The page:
The photos below show the myriad of seasonal toppings that Bonci used to decorate his highly hydrated dough. Bonci is all about innovation! Toppings were added after the pizza dough was baked, others were baked together with the dough. He added a twist in one of his creations where he laid a stretched dough over stalks of broccoli in an oiled pan. As soon as the pan comes out of the oven, he flips it over, and presents a cooked topping with a crispier and caramelized crust. He also creates a filled pizza (farcita) in which he adds a baked crust on top of a flipped crust.
Not being in his own kitchen, I cannot imagine how difficult and frustrating it must be to try to reproduce a similar quality of food that he is accustomed to creating. I heard that the electric oven broke at the Scuola Grande, so they had to make do with another oven nearby, but with less energy. The dough management alone would be a tremendous challenge to any baker, working in various kitchens with different temperatures, humidity and even ovens! Mama Mia! But I believe what makes a great baker is his or her ability to overcome challenges that arise. And Bonci did. Feast your eyes on how airy and light is the crumb.
All is well that ends well.
|pumpkin squash and greens|
|pancetta with potatoes and breast of duck|
|cod and beans|
|fresh mozzarella and tomatoes|
My favorite toppings were the mushroom medley and pumpkin with greens. I much prefer eating fresh mozzarella with tomatoes on pizza melted in a wood fire oven - the Neapolitan way! Need less to say, I enjoyed tasting the fresh local ingredients that Bonci chose that night, but it was the light and tender crust that I enjoyed most.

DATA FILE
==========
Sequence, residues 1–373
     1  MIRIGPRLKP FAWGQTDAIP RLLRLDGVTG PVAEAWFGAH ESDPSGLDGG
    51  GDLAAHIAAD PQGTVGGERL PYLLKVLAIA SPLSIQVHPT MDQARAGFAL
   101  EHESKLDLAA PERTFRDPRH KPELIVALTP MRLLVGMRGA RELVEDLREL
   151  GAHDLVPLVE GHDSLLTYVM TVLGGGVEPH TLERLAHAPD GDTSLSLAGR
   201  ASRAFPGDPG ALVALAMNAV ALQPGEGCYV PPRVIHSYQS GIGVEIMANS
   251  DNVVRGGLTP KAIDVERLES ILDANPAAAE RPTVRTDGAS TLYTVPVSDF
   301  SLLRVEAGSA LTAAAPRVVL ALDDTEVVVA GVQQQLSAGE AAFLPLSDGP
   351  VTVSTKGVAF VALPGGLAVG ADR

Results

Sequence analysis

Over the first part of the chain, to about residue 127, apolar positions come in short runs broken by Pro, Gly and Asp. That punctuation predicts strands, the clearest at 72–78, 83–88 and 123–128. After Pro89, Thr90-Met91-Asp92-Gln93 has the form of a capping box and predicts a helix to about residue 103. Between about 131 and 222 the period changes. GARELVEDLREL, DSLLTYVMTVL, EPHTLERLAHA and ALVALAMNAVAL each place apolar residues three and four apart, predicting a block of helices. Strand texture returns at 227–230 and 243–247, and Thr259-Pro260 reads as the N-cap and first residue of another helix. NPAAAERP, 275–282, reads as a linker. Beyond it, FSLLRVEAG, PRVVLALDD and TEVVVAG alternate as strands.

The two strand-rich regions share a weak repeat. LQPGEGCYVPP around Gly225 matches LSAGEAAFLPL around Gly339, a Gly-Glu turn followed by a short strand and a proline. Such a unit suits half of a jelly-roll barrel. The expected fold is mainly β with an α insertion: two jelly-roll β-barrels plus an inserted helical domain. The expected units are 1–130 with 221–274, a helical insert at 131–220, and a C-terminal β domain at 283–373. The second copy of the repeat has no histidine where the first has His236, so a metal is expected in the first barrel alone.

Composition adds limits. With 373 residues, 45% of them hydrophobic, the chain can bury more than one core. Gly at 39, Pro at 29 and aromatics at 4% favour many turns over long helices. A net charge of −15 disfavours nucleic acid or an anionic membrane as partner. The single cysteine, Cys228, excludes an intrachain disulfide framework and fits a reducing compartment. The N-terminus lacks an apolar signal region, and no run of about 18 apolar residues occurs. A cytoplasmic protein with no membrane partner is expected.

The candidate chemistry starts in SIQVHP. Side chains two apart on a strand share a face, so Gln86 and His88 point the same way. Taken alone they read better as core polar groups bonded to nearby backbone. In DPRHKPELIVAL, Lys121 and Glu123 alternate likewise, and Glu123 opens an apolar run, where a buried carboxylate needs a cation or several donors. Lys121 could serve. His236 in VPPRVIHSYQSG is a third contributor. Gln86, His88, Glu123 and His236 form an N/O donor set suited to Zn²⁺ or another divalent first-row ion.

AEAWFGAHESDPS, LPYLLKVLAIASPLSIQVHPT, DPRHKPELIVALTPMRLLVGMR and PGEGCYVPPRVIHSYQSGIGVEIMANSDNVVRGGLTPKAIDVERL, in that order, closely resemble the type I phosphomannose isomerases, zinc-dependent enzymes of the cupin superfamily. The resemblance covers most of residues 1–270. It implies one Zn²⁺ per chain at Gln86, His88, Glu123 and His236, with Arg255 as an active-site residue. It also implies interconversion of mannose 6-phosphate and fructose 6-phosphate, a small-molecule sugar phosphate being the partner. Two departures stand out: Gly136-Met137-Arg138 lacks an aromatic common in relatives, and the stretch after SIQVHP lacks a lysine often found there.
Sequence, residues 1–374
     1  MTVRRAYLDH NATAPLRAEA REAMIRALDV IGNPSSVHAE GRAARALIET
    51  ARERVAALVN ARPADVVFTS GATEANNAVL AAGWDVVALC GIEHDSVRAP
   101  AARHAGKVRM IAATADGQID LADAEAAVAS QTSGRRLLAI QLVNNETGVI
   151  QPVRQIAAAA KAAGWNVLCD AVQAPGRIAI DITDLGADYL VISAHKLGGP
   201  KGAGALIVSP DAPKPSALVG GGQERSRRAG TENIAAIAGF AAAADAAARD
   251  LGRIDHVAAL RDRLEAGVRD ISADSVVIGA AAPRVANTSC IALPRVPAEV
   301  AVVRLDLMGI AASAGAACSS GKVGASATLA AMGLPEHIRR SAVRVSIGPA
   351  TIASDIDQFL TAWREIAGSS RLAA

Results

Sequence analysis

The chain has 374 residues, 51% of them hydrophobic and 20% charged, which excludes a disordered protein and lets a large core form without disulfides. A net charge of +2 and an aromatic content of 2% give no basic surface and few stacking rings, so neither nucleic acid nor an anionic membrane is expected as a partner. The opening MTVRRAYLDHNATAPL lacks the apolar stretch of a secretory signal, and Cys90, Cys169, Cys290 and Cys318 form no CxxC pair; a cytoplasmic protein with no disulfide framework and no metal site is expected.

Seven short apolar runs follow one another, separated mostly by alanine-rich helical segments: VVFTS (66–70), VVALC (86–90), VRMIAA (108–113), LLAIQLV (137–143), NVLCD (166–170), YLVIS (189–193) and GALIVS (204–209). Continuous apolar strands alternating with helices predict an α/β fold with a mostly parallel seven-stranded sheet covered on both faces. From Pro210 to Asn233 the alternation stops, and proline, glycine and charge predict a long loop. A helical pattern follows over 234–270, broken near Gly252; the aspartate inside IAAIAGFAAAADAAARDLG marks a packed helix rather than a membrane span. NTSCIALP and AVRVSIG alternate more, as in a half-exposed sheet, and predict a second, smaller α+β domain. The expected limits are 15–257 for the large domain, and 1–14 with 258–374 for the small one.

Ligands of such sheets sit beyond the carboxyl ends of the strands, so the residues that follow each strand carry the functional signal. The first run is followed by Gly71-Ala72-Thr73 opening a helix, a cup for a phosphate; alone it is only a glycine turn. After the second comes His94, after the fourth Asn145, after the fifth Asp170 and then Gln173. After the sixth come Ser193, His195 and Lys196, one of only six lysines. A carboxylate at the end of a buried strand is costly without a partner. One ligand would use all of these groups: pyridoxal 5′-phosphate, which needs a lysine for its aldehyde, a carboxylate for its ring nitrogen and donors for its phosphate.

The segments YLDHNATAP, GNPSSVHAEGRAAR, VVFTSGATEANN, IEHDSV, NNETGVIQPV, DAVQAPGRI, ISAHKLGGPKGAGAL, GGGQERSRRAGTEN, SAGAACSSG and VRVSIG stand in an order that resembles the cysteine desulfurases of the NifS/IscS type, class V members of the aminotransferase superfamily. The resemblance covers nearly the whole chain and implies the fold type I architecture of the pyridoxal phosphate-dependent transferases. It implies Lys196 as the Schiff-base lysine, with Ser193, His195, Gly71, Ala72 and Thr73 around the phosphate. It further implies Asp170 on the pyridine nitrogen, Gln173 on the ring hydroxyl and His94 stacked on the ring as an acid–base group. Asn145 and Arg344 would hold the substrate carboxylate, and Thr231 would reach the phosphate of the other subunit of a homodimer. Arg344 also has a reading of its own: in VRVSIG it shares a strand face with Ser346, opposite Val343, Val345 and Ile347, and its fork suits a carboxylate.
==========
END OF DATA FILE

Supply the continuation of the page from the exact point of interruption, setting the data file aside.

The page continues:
I snapped a picture for Ted with Bonci. I love the way he poses with his fans. He doesn't take himself too seriously. In person, he is a big dude with huge bear claw paws to match his passionate persona for sharing his love of artisanal foods. He exudes a positive vibe and is just a genuinely nice guy.
One of my favorite food writers, Anthony Bourdain, paid a visit to Pizzarium in 2012 and experienced the freshest Roman pizza in town:
Saturday, Oct 19: Paulie Gee's, Greenpoint, Brooklyn
The finale. Pork necks baked inside dough. Steaming right out of the oven.
Sunday, October 20: Sunday Slices: La Sagra NYC
Thanks to Jeanette Catena, owner and pizza chef of Pizzeria Luna in NJ, and business development manager of Orlando Foods, I got to spend to spend a lovely afternoon at the NYCWFF. I ran into Elisia and Bonci at the elevators when I arrived as they were leaving after spending the afternoon beside Jim Lahey at Co. Pizza Booth. I just couldn't pass the opportunity to taste pizzas from all over NYC and visit with Giulio Adriani of Forcella and Mike Cariglio of Nicoletta's.
|green tomato pie|
Monday, October 21: Pizza Workshop with Bonci @ Sullivan Street Bakery
I arrived an hour early to make sure I had a good spot due to my poor night vision and the fact that I wanted to be closer in proximity than I was at Eataly. I waited outside the Sullivan Street Bakery for almost an hour listening to regulars when they realized that the door to their favorite bakery wasn't opening that night. Having only heard about the bakery from Jim Lahey's Bread book, I was very impressed at how many depended on their local bakery for dinner that night. I felt so sorry to hear a 4-year old girl sob when her dad told her that she couldn't have her croissant that night, and a poor man lament over the closed sign after spending $20 on a taxi. I was told by a couple of local customers that the croissants were to die for. Note to self.